QCOSTARICA – Renting tires to pass the vehicular inspection has become more common, to the point where the Riteve vehicular inspection service has noted a concern in its 2015 report to transport authorities.
In the report, Riteve says it has detected that on numerous occasions drivers change the tires of their vehicle, with rented tires, so as not to fail the inspection. See also Drivers Cheat Riteve To Pass Vehicular Inspection
Following this, the Consejo de Seguridad Vial (Cosevi) – Roads Safety Council – has made the decision to take tougher action on drivers during routine roadside inspections.
The Policia de Transito (Traffic Police), working with Riteve will be able to inspect items such as tires and emissions. This is a practice that has been carried out at times, but not to any great extent.
Through spotchecks, the Traffic Police can carry out a mini vehicular inspection to verify the safety of the vehicles.
How does tire rentals work?
Simple, you know the tires on your vehicles are bad. You have several choices: one, undergo the vehicular inspection in the hopes of passing; tow, buy new tires; or three, rent.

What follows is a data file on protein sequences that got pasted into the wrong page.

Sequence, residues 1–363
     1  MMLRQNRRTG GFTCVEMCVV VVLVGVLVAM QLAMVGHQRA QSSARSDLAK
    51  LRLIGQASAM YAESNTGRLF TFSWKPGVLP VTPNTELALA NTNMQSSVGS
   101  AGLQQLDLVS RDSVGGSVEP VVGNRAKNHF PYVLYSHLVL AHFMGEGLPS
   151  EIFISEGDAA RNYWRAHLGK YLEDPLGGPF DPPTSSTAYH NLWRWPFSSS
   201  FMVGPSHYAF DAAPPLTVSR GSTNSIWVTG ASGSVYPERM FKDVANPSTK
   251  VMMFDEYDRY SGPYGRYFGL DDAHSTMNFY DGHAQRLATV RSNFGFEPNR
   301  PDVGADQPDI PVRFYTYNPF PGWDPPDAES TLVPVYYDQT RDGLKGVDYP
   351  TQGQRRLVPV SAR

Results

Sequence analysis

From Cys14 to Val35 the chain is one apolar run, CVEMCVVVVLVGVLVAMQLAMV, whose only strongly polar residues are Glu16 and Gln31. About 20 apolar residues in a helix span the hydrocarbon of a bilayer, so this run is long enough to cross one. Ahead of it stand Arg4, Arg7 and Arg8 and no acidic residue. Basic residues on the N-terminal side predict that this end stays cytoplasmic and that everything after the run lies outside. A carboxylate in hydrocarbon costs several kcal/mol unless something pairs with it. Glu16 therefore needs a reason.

Renters of tires typically locate themselves near a Riteve inspection station, with ample signage to let would be customers know of their service.
One, two, three or four tires, in exchange for payment, are mounted on the vehicle to be inspected. After the inspection, you go back to get your “old” tires mounted back on your vehicle.
You now have a driveable car until the next inspection or an accident where you bald tires failed, whichever comes first.
Combating the tire rental problem
Transport authorities have proposed several mechanisms to combat tire rental, including each tire sold in Costa Rica come with a serial number or the permanent etching of the license plate number on each tire. The latter has caused controversy, given that the tires then become useless if the vehicle they are to be used on becomes a junker, even though the tires still have plenty of life. With the former, it would be a matter of convincing Costa Rica tire manufacturers to comply. What about all the imported tires?